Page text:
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Politics and international relations: Citing references

A guide to finding information in politics and international relations. Includes links to key resources and sources of help.

General guidance

Whenever you refer to another person's work in your own essay, dissertation or article you must acknowledge them and give full details of your source. You risk being accused of plagiarism if you fail to do so.

The Department of Politics and International Relations accepts any adequate system of referencing, especially Harvard or Oxford style. For general information on referencing, including an explanation of different citation systems, and guidance on citing specific types of publication, see our Citing references guide.

For help with citing specific types of publication contact your subject librarian, Gordon Connell.

For advice on using references in your work, and how to use them to support your arguments, pop in to see the Department's ASK Study Adviser. Alternatively consult the guidance on the Study Advice website or make an appointment with them.

Harvard referencing

Also known as 'author-date' style. In Harvard style the in-text citation can be in brackets in the body of the text or in footnotes, and uses the author's surname and the date of publication, with the page number if it is a reference to a particular page. Full details are only listed in the bibliography or reference list.

Note that because Harvard is a 'style' rather than a system or set of rules, the preferred punctuation and formatting of the text may differ. Check for any examples in your course handbook, and if they are not available, be consistent.

Example for book:

In-text: (Shriver and Atkins, 1999)

In bibliography: Shriver, D.F. and Atkins, P.W. (1999). Inorganic chemistry. 3rd ed. Oxford: Oxford University Press.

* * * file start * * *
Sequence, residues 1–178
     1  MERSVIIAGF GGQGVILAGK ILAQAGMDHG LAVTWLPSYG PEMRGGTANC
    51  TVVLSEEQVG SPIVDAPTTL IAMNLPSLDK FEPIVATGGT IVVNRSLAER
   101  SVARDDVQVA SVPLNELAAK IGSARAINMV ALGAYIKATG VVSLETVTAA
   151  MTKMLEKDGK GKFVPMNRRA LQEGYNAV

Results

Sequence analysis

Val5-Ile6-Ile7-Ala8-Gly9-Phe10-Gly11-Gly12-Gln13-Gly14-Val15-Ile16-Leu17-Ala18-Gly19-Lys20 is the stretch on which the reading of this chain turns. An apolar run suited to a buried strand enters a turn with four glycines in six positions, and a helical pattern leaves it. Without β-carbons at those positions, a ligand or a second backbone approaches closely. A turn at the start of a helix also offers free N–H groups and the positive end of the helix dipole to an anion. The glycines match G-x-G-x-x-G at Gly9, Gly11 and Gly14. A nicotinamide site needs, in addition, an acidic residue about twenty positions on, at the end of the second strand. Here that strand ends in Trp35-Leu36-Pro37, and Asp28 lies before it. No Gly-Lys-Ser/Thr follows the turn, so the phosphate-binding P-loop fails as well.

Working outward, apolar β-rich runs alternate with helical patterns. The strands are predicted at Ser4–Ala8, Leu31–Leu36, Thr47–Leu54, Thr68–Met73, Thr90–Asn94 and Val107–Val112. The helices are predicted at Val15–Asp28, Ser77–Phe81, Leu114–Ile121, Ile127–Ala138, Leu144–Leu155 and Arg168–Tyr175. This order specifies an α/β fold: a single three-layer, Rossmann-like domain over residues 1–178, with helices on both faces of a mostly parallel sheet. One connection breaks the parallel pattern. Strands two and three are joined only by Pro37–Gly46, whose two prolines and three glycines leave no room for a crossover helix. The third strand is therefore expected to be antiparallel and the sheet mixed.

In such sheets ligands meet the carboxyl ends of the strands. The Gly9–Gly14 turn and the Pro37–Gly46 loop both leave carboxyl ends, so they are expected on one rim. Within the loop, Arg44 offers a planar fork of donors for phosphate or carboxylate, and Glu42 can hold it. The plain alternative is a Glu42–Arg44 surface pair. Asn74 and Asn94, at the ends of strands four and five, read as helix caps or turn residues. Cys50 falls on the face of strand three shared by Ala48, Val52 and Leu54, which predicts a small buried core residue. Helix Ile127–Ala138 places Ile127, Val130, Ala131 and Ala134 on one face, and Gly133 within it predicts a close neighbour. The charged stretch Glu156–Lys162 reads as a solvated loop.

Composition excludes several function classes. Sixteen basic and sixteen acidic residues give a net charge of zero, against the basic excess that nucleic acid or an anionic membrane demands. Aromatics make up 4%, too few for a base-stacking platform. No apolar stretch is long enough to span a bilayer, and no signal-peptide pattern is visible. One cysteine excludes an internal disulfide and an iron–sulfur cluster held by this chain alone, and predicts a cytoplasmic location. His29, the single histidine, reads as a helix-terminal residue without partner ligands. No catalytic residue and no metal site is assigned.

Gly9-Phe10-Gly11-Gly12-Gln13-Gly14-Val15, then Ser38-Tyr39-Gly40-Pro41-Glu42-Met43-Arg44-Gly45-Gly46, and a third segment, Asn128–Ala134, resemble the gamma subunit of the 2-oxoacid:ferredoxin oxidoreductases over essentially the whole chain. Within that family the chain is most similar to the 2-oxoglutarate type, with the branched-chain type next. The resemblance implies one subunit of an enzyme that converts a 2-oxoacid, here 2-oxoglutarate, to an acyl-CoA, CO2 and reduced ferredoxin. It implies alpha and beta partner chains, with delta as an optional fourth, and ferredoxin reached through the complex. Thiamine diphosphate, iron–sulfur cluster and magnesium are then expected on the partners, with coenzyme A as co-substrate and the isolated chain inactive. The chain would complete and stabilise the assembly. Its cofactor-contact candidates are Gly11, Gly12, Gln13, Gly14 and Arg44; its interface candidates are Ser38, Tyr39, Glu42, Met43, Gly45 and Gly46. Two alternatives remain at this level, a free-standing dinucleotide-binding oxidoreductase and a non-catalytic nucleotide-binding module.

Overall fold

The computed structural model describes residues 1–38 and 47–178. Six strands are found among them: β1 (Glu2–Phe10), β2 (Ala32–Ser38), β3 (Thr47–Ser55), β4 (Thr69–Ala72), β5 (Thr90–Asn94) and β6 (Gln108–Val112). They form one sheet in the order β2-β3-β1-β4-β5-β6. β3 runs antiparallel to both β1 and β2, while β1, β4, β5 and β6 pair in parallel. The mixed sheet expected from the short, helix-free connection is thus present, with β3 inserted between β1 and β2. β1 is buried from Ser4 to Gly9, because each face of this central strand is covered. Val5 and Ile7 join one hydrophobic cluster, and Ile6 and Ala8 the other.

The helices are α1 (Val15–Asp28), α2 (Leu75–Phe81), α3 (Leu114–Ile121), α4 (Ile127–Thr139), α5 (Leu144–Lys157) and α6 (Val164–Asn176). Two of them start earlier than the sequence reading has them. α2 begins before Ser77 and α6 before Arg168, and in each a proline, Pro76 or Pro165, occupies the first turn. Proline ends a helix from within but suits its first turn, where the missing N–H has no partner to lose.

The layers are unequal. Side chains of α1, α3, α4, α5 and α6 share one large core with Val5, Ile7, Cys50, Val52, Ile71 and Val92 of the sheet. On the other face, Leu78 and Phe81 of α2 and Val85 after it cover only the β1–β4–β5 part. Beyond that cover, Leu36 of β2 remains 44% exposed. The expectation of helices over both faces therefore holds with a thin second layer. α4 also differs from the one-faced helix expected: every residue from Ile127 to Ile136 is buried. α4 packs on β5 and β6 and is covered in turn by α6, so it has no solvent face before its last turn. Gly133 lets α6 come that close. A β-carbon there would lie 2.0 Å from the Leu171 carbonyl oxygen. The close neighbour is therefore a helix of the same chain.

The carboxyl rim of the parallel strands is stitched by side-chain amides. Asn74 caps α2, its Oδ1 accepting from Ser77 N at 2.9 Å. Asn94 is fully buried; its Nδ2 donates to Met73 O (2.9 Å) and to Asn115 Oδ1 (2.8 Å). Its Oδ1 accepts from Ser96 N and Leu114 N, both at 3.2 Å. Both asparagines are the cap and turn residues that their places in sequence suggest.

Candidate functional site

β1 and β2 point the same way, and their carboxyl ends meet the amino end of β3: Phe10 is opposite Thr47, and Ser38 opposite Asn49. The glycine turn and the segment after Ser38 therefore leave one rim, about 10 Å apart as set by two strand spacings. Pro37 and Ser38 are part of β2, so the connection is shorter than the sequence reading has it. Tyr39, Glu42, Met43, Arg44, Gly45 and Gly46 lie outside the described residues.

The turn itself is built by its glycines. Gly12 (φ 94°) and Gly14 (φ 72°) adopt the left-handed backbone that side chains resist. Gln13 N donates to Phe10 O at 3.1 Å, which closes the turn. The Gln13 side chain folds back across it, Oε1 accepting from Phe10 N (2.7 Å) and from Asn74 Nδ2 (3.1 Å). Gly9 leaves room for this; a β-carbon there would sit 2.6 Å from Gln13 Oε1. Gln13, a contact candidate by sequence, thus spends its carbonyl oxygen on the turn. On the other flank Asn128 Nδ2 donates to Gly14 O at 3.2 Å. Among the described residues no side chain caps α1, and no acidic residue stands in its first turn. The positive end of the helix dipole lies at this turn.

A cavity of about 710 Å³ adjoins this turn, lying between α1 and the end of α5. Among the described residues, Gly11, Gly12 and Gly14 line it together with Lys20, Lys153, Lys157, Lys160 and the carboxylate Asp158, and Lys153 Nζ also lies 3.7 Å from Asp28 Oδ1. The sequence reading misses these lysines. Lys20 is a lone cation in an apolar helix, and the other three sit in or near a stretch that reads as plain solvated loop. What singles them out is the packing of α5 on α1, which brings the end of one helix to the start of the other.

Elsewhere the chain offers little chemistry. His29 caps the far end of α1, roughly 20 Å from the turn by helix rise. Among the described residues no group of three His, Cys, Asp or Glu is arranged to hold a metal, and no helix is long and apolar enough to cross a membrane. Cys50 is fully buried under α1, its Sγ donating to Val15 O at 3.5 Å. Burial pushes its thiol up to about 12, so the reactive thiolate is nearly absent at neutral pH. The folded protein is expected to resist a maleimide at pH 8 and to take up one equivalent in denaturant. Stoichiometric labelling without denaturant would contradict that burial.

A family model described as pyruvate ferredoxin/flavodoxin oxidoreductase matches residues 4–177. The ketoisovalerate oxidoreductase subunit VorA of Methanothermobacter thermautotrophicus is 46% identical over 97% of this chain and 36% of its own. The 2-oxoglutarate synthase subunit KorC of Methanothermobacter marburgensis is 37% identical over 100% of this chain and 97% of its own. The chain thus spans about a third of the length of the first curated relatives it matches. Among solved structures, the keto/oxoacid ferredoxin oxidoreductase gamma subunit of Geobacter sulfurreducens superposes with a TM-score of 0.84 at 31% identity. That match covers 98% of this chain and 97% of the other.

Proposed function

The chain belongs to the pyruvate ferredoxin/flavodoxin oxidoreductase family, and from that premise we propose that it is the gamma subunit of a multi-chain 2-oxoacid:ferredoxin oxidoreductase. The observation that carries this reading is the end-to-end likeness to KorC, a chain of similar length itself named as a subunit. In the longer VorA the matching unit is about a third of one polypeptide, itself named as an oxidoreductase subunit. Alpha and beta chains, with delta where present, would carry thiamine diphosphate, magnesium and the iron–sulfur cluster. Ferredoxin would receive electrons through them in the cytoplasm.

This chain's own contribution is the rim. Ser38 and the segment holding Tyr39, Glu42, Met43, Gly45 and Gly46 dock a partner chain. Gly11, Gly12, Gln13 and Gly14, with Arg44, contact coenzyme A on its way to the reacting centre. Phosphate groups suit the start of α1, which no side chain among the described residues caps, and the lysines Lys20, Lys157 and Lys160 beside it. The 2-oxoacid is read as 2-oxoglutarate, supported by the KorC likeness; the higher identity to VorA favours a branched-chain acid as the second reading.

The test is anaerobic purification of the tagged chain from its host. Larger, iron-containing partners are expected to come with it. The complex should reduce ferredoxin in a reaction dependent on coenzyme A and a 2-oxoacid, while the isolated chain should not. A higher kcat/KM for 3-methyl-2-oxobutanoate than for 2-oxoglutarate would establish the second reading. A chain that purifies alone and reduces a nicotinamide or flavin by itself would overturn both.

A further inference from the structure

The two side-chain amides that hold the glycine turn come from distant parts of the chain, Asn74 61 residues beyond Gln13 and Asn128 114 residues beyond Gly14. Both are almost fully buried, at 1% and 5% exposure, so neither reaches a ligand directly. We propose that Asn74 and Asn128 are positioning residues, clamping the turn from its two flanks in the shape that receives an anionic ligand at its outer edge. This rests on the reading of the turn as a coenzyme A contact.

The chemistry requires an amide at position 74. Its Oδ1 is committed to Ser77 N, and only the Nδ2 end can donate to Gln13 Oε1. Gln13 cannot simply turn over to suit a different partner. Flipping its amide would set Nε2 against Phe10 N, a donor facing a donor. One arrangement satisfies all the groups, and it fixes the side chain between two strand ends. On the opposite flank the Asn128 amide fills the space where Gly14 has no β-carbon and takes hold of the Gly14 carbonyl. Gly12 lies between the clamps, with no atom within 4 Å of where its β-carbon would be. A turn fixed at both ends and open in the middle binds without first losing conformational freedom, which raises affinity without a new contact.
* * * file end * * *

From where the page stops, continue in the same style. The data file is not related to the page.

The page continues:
Example for website:

In-text: (National Autistic Society, 2014)

In bibliography: National Autistic Society (2014) Recognising autism spectrum disorder, online at, accessed 23/07/14.

For more information (but always check your course handbook first):

Oxford referencing

In Oxford referencing, in-text citations are in footnotes. Full details should be included in the footnotes for the first mention of a text. After this, a shortened version can be used.

Example for book:

In-text, first mention: (in footnote) Jonathan Bell, The Liberal State on Trial: The Cold War and American Politics in the Truman Years (New York, 2004) p.3.

In-text, following mentions: (in footnote) Bell, The Liberal State on Trial, p. 36.

In bibliography: Jonathan Bell, The Liberal State on Trial: The Cold War and American Politics in the Truman Years (New York, 2004).

For more information (but always check your course handbook first):


EndNote logoWhen you do your dissertation you could consider using EndNote to manage your references. This bibliographic management package can be used to store references, and then insert the citation in your Word document, automatically building the bibliography for you in the correct style.

Find out more on our EndNote webpages:

For information on other options for electronic management of your references see our guide to Managing references: